In Part I of this series I touched upon our distant relatives lack of preparation prior to engaging in physical activity, namely “the hunting game.” I also began to speculate whether or not warming up would have given them an extra edge in the forest, jungle, desert or whatever other landscape they roamed during their time of existence. I also pondered the idea of saying “the hell with all sports science research and training methodology,” and that perhaps it would be possible to find a way to prepare our bodies to perform at maximal effort at any given time. Well folks, it’s time to get serious and discuss the objectives of a proper warm-up, along with the positive effects it may have on preparation for athletic performance.

Warming up has 4 main objectives

  1. Elevate core temperature
  2. “Wake up” the Central Nervous System
  3. Move muscle and joints through full ranges of motion
  4. Assess current health status

When most people think about warming up, usually their first thought is jogging/walking on a treadmill for 5-20 minutes, followed by lying down on a mat in the corner of the gym and static stretching. Sadly, even with the plethora of research, which displays the lack of value in that type of protocol, it is still common practice by the majority of so-called personal trainers. The same trainers that you are likely to find in any of the gazillion health clubs that are now sweeping the globe. If you work with a “trainer” and this sounds like something he or she has you doing each time you’re scheduled to train, please do yourself a favor and fire them tomorrow, for I can’t even imagine the amount of other useless shit they have you doing. You’ll thank me later.

As stated above, warming up has four main objectives. Walking or jogging certainly accomplishes number one but fails miserably to address the remaining three. The static stretching part tackles none out of the four and actually could be detrimental to athletic performance, as research has shown an acute bout of passive muscle stretching impeding maximal force production in both isometric and concentric contractions (1,2). This may occur due to decrease in function of the stretch shortening cycle.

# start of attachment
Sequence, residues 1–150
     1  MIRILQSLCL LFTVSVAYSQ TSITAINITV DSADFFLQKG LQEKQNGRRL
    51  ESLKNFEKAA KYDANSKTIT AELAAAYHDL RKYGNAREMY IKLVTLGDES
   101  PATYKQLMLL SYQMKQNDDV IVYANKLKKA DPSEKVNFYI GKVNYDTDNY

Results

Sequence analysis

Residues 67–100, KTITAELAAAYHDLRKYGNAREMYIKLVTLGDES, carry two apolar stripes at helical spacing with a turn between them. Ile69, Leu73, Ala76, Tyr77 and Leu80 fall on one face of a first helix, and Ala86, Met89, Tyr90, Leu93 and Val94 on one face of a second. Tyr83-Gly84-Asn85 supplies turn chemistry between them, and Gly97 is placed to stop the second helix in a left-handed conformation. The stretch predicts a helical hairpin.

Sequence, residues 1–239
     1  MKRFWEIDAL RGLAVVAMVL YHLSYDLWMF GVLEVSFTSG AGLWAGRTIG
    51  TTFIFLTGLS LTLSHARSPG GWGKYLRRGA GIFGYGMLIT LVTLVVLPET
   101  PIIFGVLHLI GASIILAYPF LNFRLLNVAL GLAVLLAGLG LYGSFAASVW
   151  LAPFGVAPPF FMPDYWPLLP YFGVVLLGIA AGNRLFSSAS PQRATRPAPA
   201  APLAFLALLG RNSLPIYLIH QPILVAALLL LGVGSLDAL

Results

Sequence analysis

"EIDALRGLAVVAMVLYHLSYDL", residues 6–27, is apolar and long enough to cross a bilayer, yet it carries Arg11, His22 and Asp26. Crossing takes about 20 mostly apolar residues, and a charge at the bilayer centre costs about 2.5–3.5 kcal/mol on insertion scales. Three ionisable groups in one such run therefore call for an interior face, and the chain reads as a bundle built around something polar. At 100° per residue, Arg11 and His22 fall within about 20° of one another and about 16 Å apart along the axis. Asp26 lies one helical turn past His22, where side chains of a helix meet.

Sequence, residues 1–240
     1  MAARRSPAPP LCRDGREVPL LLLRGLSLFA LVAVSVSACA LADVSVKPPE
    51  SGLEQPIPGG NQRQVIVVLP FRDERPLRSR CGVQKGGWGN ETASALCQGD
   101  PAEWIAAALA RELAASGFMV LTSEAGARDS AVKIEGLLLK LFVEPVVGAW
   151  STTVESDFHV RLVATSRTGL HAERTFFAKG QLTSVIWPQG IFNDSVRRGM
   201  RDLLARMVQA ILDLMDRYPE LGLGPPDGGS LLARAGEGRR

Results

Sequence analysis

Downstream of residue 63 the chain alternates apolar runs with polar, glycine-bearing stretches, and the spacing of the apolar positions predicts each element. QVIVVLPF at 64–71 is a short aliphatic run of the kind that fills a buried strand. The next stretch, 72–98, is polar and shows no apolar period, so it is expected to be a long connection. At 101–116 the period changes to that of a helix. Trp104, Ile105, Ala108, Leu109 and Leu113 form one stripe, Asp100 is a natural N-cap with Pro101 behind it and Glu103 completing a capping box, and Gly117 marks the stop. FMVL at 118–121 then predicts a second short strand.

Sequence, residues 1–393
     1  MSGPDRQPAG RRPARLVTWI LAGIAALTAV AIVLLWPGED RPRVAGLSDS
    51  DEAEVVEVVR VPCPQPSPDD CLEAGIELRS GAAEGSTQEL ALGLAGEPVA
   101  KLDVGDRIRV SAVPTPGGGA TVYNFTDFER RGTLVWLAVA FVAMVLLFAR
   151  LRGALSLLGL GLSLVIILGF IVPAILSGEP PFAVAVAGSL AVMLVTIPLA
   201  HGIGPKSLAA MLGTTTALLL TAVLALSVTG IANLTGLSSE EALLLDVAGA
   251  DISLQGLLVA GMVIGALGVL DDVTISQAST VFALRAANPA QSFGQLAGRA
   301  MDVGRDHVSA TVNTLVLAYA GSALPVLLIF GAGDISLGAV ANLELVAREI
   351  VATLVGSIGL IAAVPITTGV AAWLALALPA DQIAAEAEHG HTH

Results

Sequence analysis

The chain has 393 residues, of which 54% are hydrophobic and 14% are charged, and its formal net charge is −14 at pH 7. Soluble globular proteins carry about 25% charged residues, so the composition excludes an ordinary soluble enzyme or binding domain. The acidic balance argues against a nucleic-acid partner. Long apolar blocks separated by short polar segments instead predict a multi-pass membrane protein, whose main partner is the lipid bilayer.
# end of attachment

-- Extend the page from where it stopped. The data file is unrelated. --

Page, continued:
So, by now you may be wondering, “What exactly is the proper way to warm up?” First, we must go back to our objectives. Elevating core temperature is easy. Any type of locomotive movement done for long enough duration, taking the body away from homeostasis should be enough to elevate the temperature of your body. From a performance standpoint the elevation of core temperature may increase nerve conduction rate. This means impulses would be sent quicker throughout the nervous system which controls all movement. “Firing up” the Central Nervous System, improving the communication between your muscles, brain and spinal cord may take some additional effort. Explosive movement such as hopping and jumping exemplifies nervous system potentiation.

Moving your muscles and joints through different ranges of motion is another objective that may be met by callisthenic type of movements such as lunges, squats, rotational pushups, and inch worms as well as stretching done while in motion. This is referred to as dynamic stretching. These movements are typically all done with ones own body or light external load such as bands or medicine balls. Elevating the core temperature while moving the muscles though various ranges of motion helps to increase the viscosity of synovial fluid within the joint. Viscous consistency of joint fluid acts as a lubricant within the joint structure, which not only may add comfort to general movement, but also may help prevent injury.

Assessing your current health status is another way of saying, “getting an idea of how you feel on that particular day.” Asking yourself, “Are my hamstrings tight?” “Are my shoulders still sore from bench pressing three days ago?” Assessing your current health status gives you the opportunity to decide what changes need to be made within the day’s prescribed workout, whether or not you may need to dial down the volume and intensity of the planned session, and if time may be better spent doing regeneration type work.

All of these objectives are met through the dynamic warm-up, which goes from simple to a bit more complex, and from top to bottom (upper body to lower body), essentially preparing the entire body to perform at it’s best. The dynamic warm up is then followed by warm-up sets in the first given weight training exercise for the day, which brings the warm-up from general to specific.

by: Jason Manenkoff


Avela, J, Kyrolainen, H, and Komi, PV. Altered reflex sensitivity after repeated and prolonged passive muscle stretching. J Appl Physiol 86: 1283–1291, 1999.

Fowles, JR, Sale, DG, and MacDougall, JD. Reduced strength after passive stretch of the human plantarflexors. J Appl Physiol 89: 1179–1188, 2000.

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